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IRI Climate Digest   August 2006

Climate Impacts - July

Contributions to this page were made by IRI researchers
M. Bell, Dr. A. Giannini, E. Grover-Kopec,
Dr. B. Lyon, C. Ropelewski

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Africa - Mauritania  Strong storms caused flooding during 22-24 July (July 2006 1-Month WASP Index Map) which led to the deaths of seven people in the regions of Trarza and Brakna in southern Mauritania. The deaths occurred in the towns of Boutilimit and Ednesh. Strong winds destroyed houses, and several villages were flooded by the heavy rains. In total, approximately 300 families were left homeless (IRIN, IFRC, IFRC Map).

The latest IRI seasonal precipitation forecast for the September-November 2006 season, which includes the final month of the rainy season (Climatological Precipitation Loop), indicates a slightly-enhanced probability of above-normal precipitation in southern Mauritania.

Asia - Nepal  Villages in 10 western Nepalese districts, including Bajura, Jajarkot, Kalikot, Dailekh, Rolpa, Rukum, Jumla, Humla, Dolpa and Mugu, are currently experiencing severe food shortages due to last winter's drought and long-term livelihood instability (Dec 2005-Feb 2006 3-Month WASP Map). As of 4 August, the World Food Programme had delivered food rations to 7500 families in four of these districts (Bajura, Kalikot, Dailekh and Jajarkot), but operations were greatly hampered by heavy monsoon rainfall that has made many roads in the area impassable (July 2006 Precipitation Percentile Map). WFP also warned that if more funds are not pledged for the relief effort in the coming weeks, then it will be unable to provide aid to the remaining six districts. (WFP, IRIN)

Asia - India,Pakistan  Heavy monsoon rainfall in July (July 2006 Precipitation Percentile Map) and continuing into August triggered flooding and landslides that affected areas of India and northern Pakistan. Many of those affected in northern Pakistan are survivors of the massive 8 October 2005 earthquake who are still homeless and particularly vulnerable (IRIN, IRIN, IRIN). As of 16 August, at least 230 people in northern Pakistan had been killed, about 1,000 villages had been flooded, tens of thousands of hectares of crops had been ruined, and hundreds of thousands of people in the North West Frontier Province, Punjab, and Balochistan (Reference Map) had been forced from their homes during the weeks of heavy rains since mid-July (IRIN). In India, monsoon rains in July caused flooding in Uttar Pradesh, Maharashtra, and Gujarat (Reference Map, AFP). As of the end of July there had been over 300 deaths throughout India associated with the monsoon. According to the Indian Agriculture Research Institute a good harvest of summer crops is expected in spite of the flooding, as long as beneficial growing conditions continue for the rest of the monsoon season.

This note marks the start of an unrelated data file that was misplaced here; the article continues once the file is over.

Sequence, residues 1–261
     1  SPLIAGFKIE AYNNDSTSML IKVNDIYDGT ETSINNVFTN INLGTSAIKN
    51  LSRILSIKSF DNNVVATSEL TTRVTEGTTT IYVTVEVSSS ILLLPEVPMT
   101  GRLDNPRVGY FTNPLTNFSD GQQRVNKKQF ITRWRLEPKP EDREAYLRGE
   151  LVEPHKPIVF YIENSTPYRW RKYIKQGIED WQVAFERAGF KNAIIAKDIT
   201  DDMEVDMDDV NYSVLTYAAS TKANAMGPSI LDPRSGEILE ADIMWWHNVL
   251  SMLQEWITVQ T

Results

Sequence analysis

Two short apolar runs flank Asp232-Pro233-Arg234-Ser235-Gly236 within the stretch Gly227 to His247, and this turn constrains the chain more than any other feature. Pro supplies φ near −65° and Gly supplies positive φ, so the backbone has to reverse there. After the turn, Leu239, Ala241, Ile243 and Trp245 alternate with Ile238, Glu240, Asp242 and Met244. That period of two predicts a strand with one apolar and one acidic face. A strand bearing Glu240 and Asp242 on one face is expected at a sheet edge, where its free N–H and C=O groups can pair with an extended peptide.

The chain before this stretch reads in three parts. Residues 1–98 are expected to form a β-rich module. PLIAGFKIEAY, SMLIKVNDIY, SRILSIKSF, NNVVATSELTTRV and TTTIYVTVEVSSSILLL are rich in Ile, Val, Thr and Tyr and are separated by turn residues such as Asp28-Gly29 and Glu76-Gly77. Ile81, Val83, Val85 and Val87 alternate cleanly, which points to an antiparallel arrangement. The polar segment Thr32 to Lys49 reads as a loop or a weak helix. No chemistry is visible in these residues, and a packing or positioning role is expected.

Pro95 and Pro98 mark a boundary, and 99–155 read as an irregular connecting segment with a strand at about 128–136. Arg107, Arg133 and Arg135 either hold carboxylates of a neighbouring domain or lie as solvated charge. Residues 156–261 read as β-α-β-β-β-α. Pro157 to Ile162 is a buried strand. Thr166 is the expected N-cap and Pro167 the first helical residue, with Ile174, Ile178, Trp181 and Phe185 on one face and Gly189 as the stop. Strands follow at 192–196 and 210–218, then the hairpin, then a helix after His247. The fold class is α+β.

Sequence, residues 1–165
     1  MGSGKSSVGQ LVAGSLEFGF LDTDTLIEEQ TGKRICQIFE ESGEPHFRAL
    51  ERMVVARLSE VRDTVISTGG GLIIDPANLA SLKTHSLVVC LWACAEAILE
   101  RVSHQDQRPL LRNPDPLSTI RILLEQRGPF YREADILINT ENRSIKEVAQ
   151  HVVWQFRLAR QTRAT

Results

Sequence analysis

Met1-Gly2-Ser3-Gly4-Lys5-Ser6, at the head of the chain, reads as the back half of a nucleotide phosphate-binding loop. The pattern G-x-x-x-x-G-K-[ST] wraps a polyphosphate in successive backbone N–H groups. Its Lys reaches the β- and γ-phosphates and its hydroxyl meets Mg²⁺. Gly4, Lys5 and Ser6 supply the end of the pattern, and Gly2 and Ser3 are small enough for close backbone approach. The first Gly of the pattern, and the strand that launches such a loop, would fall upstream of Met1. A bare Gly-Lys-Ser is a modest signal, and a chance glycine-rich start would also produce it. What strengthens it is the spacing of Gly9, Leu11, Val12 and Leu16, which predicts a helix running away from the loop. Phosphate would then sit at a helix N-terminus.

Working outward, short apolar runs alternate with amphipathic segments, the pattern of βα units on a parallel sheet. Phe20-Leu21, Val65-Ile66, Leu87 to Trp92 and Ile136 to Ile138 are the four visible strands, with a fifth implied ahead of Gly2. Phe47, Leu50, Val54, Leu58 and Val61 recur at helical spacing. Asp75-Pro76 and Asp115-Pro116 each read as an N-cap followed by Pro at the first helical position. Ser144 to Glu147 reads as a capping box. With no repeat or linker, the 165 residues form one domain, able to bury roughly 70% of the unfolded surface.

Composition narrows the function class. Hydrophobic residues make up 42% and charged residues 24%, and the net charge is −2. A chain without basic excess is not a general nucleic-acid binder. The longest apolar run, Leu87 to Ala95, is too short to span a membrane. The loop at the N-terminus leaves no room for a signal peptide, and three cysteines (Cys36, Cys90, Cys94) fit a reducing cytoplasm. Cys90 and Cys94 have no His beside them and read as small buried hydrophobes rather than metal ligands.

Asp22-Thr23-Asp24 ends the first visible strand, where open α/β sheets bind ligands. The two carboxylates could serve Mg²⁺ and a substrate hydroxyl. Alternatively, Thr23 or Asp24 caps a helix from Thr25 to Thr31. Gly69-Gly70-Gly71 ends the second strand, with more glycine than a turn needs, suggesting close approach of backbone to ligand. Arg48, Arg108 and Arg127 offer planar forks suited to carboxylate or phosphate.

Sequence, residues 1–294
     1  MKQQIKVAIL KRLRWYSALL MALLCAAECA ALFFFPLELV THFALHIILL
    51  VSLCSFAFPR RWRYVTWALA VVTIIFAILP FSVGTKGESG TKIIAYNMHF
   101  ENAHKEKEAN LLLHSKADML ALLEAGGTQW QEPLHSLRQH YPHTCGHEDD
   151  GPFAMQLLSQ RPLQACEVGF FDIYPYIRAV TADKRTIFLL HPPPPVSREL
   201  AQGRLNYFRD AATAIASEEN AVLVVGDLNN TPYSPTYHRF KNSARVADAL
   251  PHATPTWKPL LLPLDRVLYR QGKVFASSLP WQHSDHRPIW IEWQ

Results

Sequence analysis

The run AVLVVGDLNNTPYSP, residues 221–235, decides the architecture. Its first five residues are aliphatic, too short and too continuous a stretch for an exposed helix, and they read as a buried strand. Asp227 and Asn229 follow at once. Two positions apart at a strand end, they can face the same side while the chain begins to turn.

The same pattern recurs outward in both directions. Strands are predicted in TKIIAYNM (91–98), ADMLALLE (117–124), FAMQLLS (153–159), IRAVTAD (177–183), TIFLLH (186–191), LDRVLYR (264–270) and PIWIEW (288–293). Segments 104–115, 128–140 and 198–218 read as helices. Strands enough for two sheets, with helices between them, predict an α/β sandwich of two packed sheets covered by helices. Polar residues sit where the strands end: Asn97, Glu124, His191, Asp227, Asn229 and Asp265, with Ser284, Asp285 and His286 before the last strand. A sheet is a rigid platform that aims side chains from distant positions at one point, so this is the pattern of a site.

Asia - Japan,North Korea,South Korea  Heavy rainfall caused flooding and landslides in North Korea, South Korea and Japan during July, which coincides with the peak of the rainy season across most of northeastern Asia (July 2006 WASP Index Map, Climatological Rainfall Animation). On the Korean Peninsula, these rains came on the heels of Typhoon Ewiniar, which left many areas saturated and vulnerable to flooding and landslides. In North Korea, more than 800 people were killed or are missing due to the flooding, according to Choson Sinbo, a pro-North newspaper. IFRC, however, states that 151 people were killed and 29 people were missing, while reports from Good Friends, a South Korean humanitarian aid group, put these numbers into the thousands (Good Friends Map). Other reports, including those from Choson Sinbo and the South Korean government, estimate that nearly 29,000 families were affected, 7500 homes were destroyed, and 24,000 hectares of farmland were damaged (Reuters). A large portion of this damage occurred in the provinces of Pyongan, North Hwanghe and Kangwon (Reuters). Approximately USD 60 million in relief is being sent to North Korea by South Korea for emergency food and relief supplies (KOIS).